Odin is disquieted at this, since he foresees that the happiness of the gods now is past, and he fears for what is to come. Seized with foreboding, he has Gjallarhorn concealed at Mimir's well, and pledges one of his eyes to the wise giant for a single draught from the fountain of wisdom.
Here we must pause for a time to give a portrayal of the individual gods and goddesses, with their relation to men.
3. Aesir and Asynjur. — "Then said Gangleri (i.e. King Gylfi): Which are the Aesir in whom it is man's duty to believe? Har answers: Twelve are the Aesir of the race of gods. Then said Jafnhar: The Asynjur are not less holy and they are not less capable. Then said Thrithi: Odin is the greatest and oldest of the Aesir."
We have been told before how Snorri has brought a certain system into the teaching about the gods. He particularly attaches great value to the introduction of the numbers three and twelve into his presentation. Although there were doubtless very few of these gods and goddesses whom our forefathers really worshiped,
they are so often met in later poetry that we must begin with a short account of them all, following Snorri as closely as possible.
4. Odin is the greatest and oldest of the Aesir, and governs all things; however mighty the other gods are, they all serve him as children their father. Frigg is his wife, and she knows exactly the fate of every man, but yet does not occupy herself with divination. Odin is called "All-father," because he is father of all the gods, but is called also "Valfathir," because all those are his chosen sons who fall on the field of battle. He gives them places in Valhalla and Vingolf, and there they are called Einherjar. Odin is also called God of the Hanged, and has many more names, which can be read in the Eddic Poem Grimnismal.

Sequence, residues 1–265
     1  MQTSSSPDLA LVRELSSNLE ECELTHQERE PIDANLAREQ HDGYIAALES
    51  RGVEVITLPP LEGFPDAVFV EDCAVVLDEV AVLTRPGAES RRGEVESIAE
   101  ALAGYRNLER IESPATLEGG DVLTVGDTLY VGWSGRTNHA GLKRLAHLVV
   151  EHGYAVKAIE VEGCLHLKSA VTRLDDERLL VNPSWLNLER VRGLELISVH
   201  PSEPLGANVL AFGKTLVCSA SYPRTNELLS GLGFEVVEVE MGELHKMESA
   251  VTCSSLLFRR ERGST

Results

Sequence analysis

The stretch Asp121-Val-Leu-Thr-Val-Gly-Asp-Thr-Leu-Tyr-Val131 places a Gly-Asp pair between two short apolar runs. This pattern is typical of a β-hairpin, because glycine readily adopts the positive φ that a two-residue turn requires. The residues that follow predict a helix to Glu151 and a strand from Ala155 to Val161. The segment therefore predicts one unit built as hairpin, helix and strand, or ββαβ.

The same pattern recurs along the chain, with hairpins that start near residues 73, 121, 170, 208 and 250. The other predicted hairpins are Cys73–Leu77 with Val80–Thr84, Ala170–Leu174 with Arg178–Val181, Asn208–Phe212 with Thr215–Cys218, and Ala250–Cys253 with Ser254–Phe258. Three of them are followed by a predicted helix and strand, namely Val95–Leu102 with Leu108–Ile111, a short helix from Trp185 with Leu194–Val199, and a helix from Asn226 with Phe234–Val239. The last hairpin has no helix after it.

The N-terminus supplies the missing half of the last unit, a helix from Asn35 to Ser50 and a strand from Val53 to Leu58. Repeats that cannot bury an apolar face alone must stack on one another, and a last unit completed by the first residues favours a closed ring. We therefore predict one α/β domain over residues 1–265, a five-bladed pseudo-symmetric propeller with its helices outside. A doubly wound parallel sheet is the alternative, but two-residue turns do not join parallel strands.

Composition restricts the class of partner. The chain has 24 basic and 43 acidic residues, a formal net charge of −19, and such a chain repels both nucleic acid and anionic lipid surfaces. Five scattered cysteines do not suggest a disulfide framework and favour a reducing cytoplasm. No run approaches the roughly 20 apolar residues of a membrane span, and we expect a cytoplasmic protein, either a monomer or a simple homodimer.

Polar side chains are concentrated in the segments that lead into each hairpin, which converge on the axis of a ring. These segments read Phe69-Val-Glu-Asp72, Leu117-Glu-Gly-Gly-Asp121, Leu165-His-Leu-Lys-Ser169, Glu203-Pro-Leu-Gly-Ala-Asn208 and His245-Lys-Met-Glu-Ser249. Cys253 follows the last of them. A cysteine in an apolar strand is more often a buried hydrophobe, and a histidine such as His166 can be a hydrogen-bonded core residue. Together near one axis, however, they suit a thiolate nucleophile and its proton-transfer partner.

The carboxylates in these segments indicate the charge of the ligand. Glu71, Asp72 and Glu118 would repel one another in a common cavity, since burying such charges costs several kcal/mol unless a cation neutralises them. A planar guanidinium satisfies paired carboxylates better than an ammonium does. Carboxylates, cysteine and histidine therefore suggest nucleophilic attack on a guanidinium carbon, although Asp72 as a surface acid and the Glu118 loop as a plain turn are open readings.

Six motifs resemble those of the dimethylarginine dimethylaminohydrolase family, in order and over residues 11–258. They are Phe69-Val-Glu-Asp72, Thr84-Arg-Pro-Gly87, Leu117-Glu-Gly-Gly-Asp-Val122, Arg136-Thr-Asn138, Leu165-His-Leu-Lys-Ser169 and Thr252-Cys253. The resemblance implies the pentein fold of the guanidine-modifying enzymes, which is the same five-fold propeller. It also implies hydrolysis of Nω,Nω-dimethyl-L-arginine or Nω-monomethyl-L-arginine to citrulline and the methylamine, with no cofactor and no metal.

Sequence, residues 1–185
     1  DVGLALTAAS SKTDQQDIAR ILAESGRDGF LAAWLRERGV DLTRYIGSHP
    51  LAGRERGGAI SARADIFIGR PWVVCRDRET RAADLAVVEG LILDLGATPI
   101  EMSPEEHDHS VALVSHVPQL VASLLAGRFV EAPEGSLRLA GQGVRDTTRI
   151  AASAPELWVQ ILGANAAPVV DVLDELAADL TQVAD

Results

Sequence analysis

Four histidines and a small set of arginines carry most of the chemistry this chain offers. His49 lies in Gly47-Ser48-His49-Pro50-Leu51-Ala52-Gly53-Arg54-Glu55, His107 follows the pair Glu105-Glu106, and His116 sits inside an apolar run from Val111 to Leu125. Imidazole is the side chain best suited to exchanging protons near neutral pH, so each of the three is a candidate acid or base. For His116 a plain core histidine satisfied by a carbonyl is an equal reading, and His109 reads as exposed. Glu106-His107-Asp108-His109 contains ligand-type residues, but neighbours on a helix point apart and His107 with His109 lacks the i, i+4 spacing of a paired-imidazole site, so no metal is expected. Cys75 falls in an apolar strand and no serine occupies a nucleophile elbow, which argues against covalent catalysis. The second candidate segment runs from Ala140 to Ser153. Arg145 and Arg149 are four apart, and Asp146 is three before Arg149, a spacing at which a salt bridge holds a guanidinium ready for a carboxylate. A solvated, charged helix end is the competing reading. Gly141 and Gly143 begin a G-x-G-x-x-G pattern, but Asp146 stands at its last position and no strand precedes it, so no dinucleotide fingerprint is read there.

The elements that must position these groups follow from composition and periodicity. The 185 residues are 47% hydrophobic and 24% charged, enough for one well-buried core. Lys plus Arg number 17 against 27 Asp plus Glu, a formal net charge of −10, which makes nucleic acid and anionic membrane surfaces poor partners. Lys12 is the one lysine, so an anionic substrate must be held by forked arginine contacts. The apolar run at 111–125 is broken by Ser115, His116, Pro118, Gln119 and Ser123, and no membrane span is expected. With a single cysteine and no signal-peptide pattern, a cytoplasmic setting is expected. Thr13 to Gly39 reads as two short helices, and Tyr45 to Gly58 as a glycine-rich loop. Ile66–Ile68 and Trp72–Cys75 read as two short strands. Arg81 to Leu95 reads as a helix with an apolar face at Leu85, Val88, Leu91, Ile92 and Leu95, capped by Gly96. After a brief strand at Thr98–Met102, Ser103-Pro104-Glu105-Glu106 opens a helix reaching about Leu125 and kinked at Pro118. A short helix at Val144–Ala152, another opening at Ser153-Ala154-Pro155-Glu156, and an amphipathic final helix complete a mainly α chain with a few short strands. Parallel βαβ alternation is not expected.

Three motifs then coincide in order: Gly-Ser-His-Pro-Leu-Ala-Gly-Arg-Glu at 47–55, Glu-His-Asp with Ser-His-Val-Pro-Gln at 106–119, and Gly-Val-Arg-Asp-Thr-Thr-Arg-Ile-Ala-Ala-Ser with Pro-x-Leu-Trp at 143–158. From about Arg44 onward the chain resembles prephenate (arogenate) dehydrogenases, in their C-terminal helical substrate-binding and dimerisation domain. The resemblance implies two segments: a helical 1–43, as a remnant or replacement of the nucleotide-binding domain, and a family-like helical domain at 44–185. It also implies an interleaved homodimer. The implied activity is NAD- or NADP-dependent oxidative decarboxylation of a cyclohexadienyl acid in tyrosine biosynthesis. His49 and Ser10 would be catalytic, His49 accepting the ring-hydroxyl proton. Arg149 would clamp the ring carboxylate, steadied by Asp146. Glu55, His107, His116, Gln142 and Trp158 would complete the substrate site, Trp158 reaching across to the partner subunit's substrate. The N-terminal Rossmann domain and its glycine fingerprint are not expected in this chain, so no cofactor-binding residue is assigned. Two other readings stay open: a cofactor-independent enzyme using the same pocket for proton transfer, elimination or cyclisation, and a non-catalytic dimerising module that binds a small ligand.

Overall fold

5. Thor is foremost among the other Aesir: he is called Asa-Thor and Aka-Thor, and is the strongest of all gods and men. His kingdom is called Thruthheim or Thruthvangar, but his abode is called Bilskirnir. In the. hall there are five hundred and forty rooms, and it is the largest house that was ever built. Thor has two goats; when he drives, they draw his wagon, and he is called Aka-Thor. He has besides three wonderful treasures: one is the hammer Mjolnir, which the frost giants and mountain giants recognize when he comes — and that is not so strange, either, for it has crushed many a skull of their fathers and kinsmen; next, the strength-girdle — when he puts it about him, his godlike strength grows twofold; finally, the iron mittens for grasping the hammer-shaft. No one is so well versed in knowledge of the past that he can recount all of Thor's mighty deeds.